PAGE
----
Speaking of alcohol, this is what gets me fired up. So far as I understand, both substances (marijuana and alcohol) are potentially harmful to the body in numerous ways, particularly with long-term use; again, both should really only be used in moderation and with great care to ensure nothing irresponsible is occurring during those times. However, so far as I understand it, there is no conclusive evidence that habitual use of marijuana can lead to physical dependence. Granted, that doesn’t mean someone can’t develop a habit of use that makes it difficult for the individual to stop smoking. However, alcohol, on the other hand, can lead to a strong physical dependence, making it that much more difficult to quit once someone has reached that level. This is where I really take issue. Granted, my knowledge of the subject stems mostly from personal experience, and a little bit of perusing I have done online, but personally speaking I think it is a bit hypocritical for alcohol to be so acceptable while marijuana gets a bad rap. What people do to their own bodies, while it can be tragic, to me is not the most pressing concern (note: I have heard of marijuana use resulting in infertility, but so does drinking Mountain Dew, apparently…I can’t find substantial evidence to support either of these claims). The more pressing concern to me is how the use of these drugs effects those close to the drug user. I have seen long-term marijuana users stop their use for various reasons (they have (healthy) children, they are applying for jobs in government, etc.); they are cranky for the first week or so, but otherwise don’t appear to have any other problems. Alcoholism, on the other hand, is brutal to both the individual suffering from the addiction, as well as the person’s loved ones. Again, I’m not saying that either addiction is good or healthy, but am suggesting the legalization of marijuana would not create problems that don’t already exist.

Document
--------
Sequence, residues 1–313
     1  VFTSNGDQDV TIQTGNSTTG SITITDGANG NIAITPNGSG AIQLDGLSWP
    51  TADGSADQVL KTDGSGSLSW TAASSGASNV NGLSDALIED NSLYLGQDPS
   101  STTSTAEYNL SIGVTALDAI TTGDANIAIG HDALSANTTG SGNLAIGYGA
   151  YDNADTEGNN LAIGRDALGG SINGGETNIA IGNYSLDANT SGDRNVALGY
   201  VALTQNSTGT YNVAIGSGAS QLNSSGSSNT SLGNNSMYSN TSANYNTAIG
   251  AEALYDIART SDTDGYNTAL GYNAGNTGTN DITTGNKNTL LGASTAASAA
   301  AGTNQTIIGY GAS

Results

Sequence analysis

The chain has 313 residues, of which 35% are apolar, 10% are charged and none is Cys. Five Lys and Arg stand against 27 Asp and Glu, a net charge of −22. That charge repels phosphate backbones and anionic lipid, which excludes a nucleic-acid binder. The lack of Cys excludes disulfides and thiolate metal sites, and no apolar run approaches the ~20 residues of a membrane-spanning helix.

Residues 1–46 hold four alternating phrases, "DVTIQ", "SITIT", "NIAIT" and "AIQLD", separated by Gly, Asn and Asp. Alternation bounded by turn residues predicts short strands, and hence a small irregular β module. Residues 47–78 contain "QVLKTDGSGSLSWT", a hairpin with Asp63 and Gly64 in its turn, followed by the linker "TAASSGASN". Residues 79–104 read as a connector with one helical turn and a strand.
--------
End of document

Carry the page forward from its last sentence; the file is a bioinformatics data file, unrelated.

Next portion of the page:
If anything, it may help to curb some issues. Not only could legalization potentially stimulate economic growth (something that may be necessary, but is really low on my list of “reasons to…”), it could help to decrease drug trafficking and violence/crimes related to said trafficking; the government could control the potency of the drug, thus making it safer and more controlled; it could save tax dollars by cutting down on the costs of criminal investigations and incarcerations in marijuana-related crimes.